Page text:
How to Deal with a Lone Ranger Board Member

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By Mary M. Howell, Esq.

What do you do about a “director gone bad?” The director speaks abusively of fellow directors, disrupts Board meetings, repeatedly attempts to revisit issues already decided, discloses confidences, interferes with vendors… what can the rest of the Board do?

The Board’s options are limited, and there is very little statutory or case law to clarify what actions are permitted or prohibited.  Based on commentary (both California and from other states), the Board ought to be able to take the following actions, provided the director in question is given notice and a hearing before the discipline is imposed: private or public censure, removal from a particular office held by the director (such as president, vice-president, etc., but not from the Board, except in limited cases), or exclusion from executive session (where the director has disclosed confidential information).

If the bylaws include a provision making compliance with a stated code of ethics part of a director’s qualifications to serve, the Board may (after notice and hearing and a decision that the director is in violation of such a code) declare that director’s position vacant (that is, remove the director from the Board by Board action alone.)

The members of the association (as opposed to the Board) may recall the director in question (but beware, most attempted recalls are not successful, and if the director has any following within the community, a failed attempt to remove the director can severely divide the community.)

Sometimes the director’s misdeeds can be cured by other means. If a director interferes with vendors, for example, inform the vendors specifically to disregard the director. If the director continues to harass or interfere with vendors, the association might be able to obtain a court order requiring the director to stop interfering. Such an order is enforceable by contempt proceedings.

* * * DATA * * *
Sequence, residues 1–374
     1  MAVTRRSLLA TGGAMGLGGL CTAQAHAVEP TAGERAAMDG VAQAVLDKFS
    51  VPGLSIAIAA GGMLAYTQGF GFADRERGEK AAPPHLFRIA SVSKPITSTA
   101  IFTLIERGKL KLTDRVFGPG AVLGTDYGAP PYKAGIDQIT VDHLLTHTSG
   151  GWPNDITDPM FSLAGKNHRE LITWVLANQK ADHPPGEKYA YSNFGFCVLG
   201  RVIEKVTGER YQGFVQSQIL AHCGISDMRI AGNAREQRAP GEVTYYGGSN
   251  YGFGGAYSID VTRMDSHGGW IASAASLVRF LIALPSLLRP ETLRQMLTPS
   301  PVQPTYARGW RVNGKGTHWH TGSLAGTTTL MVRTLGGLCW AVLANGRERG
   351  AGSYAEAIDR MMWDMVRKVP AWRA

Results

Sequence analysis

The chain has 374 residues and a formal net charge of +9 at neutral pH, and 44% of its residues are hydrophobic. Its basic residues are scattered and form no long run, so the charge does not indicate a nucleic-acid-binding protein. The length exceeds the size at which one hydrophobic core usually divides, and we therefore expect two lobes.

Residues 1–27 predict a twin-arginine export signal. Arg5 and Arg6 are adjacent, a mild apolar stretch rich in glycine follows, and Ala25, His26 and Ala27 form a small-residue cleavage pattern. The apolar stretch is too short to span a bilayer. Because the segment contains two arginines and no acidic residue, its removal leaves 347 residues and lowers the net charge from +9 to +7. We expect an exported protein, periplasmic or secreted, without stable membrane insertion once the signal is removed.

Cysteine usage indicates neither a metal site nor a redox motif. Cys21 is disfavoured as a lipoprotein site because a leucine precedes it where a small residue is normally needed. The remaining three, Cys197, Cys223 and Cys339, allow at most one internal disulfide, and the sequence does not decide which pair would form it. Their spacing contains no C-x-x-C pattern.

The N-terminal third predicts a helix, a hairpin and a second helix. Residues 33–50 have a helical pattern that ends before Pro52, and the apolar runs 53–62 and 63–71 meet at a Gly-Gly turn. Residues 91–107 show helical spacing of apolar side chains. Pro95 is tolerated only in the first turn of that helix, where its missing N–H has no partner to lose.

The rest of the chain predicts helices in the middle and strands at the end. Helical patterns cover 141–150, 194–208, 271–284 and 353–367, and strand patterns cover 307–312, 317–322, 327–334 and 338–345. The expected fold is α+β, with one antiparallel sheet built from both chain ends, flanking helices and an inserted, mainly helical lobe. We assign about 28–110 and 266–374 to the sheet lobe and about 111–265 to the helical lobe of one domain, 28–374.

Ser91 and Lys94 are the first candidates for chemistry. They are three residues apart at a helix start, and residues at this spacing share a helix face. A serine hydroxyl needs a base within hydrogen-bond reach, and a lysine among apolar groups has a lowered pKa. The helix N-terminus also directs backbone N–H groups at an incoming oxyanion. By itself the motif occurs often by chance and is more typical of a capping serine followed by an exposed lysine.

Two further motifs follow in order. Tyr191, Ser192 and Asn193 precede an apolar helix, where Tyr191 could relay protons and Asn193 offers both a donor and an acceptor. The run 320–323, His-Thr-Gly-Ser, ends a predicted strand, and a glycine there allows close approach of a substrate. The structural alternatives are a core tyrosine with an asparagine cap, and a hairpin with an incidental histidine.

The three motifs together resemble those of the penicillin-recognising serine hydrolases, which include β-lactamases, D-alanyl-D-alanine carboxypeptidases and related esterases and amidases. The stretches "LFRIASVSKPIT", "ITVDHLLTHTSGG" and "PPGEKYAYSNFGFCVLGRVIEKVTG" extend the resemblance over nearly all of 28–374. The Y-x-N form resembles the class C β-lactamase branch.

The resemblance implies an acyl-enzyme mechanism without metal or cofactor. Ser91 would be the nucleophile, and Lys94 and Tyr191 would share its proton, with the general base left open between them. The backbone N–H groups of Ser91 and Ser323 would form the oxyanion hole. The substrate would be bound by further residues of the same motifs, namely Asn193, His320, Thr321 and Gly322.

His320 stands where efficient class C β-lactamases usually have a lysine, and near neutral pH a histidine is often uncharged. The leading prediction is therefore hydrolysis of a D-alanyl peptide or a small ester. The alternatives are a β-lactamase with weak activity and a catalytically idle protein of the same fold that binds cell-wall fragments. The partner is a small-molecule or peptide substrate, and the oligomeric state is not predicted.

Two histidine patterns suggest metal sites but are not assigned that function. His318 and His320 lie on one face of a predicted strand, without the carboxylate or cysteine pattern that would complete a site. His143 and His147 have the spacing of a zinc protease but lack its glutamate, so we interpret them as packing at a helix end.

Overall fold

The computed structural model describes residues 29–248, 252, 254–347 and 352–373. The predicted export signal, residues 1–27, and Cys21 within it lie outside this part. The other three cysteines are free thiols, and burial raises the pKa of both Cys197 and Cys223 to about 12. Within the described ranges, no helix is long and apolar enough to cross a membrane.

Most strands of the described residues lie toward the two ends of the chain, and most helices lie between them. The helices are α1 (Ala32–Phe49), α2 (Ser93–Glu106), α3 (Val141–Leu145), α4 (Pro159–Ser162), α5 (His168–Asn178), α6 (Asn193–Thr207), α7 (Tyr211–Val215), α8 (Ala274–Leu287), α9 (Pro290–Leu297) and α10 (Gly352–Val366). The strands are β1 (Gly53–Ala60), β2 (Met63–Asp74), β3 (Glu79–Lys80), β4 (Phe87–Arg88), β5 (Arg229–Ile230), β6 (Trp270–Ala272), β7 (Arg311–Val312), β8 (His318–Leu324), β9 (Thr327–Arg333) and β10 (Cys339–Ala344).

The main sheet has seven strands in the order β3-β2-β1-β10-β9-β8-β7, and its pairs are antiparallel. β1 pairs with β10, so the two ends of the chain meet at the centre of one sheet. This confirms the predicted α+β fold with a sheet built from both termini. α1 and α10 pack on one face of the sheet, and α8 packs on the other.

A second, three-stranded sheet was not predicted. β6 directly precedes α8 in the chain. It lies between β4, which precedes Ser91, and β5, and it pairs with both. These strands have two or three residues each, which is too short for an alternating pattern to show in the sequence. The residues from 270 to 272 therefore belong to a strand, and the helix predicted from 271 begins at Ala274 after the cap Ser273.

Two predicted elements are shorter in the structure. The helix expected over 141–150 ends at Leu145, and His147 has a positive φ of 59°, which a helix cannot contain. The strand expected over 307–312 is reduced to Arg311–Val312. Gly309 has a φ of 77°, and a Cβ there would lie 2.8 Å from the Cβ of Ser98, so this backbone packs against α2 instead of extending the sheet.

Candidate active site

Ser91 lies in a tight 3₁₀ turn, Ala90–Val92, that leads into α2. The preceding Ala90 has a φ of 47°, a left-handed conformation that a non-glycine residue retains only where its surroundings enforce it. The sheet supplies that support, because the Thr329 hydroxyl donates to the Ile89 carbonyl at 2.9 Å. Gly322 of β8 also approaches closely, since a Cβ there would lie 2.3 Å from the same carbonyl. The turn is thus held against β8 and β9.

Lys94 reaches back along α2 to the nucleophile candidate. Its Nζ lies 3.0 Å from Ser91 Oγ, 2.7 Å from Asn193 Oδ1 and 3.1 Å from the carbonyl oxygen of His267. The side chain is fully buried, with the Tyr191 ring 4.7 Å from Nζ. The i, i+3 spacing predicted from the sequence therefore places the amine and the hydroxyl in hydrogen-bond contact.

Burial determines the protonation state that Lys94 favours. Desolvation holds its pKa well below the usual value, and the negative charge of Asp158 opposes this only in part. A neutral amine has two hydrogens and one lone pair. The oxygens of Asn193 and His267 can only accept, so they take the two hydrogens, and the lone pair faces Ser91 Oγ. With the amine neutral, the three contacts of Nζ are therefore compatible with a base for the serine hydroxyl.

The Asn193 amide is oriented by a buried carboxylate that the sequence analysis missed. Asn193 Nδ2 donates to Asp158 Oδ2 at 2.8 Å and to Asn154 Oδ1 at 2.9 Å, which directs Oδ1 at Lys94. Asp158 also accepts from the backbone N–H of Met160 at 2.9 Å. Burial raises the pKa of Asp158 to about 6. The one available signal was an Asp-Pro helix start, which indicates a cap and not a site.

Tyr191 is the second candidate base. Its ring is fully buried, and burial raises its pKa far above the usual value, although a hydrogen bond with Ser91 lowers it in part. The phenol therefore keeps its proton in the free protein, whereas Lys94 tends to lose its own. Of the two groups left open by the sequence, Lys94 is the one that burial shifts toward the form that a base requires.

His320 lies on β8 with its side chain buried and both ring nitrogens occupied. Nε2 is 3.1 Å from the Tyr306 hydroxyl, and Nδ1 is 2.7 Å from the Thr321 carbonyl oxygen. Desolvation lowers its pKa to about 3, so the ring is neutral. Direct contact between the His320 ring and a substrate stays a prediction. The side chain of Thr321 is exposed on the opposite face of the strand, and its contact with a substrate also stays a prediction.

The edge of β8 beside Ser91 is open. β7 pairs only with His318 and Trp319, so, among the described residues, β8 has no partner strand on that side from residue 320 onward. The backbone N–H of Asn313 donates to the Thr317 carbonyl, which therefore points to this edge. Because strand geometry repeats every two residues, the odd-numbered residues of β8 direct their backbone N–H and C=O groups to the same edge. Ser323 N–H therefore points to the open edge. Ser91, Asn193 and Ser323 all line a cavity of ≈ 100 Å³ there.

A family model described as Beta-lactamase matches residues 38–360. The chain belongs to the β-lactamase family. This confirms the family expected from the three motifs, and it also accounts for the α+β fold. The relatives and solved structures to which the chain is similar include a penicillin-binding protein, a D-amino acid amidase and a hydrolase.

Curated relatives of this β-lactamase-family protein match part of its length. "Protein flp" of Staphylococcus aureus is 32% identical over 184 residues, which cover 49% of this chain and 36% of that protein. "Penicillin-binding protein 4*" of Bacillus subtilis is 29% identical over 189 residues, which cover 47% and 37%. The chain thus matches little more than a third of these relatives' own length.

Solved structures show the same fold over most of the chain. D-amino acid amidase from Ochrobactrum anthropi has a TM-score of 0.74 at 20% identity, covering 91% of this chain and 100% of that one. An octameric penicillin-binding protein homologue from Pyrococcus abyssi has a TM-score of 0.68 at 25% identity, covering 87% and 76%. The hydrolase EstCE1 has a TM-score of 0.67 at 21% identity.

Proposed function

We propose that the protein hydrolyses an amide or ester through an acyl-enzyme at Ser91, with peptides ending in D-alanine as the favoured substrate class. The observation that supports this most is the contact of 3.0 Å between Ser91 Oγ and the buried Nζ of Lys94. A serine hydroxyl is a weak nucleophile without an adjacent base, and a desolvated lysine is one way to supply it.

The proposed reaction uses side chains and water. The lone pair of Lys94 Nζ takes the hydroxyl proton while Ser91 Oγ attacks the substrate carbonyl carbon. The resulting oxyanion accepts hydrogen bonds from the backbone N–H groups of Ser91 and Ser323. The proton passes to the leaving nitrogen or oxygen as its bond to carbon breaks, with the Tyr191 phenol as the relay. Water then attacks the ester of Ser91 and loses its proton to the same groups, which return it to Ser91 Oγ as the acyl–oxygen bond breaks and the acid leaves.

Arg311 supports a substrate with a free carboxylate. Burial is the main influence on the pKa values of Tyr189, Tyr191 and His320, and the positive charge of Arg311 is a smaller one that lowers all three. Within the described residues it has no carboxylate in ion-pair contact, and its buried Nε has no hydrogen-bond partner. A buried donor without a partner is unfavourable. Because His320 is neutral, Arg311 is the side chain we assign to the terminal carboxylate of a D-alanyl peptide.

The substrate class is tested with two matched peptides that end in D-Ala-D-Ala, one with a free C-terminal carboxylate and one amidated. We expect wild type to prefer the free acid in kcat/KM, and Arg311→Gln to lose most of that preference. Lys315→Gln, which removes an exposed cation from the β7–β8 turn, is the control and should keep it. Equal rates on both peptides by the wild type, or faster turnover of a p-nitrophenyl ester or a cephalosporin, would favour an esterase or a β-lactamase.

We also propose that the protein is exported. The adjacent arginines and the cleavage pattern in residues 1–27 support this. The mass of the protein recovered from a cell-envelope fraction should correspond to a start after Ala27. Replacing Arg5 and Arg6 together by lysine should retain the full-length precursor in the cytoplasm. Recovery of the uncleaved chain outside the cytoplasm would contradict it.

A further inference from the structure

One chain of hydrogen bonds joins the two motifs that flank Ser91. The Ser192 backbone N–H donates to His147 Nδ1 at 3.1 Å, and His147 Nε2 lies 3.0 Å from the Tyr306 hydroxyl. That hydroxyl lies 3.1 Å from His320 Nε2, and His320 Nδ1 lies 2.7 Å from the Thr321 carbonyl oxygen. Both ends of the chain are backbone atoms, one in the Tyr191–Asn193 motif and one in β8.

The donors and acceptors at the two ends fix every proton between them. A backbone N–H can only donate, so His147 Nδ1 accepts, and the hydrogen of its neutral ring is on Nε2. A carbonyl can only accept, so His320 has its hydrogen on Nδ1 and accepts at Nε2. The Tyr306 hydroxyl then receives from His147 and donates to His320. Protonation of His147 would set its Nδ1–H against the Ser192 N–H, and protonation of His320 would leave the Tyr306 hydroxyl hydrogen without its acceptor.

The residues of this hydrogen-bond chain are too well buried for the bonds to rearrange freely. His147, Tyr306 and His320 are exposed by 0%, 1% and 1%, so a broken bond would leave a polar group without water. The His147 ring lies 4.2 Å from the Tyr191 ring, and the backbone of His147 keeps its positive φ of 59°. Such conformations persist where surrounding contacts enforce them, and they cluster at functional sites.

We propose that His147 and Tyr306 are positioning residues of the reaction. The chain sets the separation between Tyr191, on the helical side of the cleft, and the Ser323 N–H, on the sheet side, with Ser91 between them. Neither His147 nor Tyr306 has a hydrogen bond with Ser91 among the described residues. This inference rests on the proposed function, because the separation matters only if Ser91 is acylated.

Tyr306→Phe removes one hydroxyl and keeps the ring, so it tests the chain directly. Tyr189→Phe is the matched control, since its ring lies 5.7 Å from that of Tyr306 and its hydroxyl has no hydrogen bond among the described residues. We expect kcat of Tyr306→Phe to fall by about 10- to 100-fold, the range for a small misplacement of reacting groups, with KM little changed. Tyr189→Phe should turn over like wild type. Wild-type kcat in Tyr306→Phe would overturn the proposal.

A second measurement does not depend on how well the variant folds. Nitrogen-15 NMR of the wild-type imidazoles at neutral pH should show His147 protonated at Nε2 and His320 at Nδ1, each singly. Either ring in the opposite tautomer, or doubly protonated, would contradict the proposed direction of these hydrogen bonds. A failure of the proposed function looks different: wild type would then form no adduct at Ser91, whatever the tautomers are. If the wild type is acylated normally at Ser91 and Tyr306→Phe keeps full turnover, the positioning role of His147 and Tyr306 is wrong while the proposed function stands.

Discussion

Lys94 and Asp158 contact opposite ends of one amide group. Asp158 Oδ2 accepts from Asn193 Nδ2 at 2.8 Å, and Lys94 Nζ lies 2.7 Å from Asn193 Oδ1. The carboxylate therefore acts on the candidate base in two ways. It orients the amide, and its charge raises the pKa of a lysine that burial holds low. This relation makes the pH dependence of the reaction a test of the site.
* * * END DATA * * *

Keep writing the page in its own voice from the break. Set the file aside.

And, if the issue is disclosure of confidential information, or dissemination of false information, the association may also be able to obtain a court order prohibiting the director from repeating the offense (this is problematic, because the court will usually frame its very narrow order only to prohibit something the director has done in the past, rather than issuing an open-ended prohibition on similar remarks and misinformation).

If the director disrupts Board meetings, consult the rules of parliamentary procedure. The Board should be able to declare the director “out of order” if the Board has adopted rules governing decorum within board meetings. Roberts’ Rules, for example, state that the speaker must confine remarks to the motion under consideration, refrain from attacking another member’s motives, and refrain from speaking adversely on a prior motion. Roberts’ goes on to add that during debate, no member should be permitted to disturb the assembly (such as by whispering to others, or physically disrupting the meeting). In the absence of specific rules prohibiting disruption, consider making a motion to recess the meeting (not adjourn), get a second on the motion, get the Board vote, and then recess for a limited period of time to allow for restoration of order to the proceedings.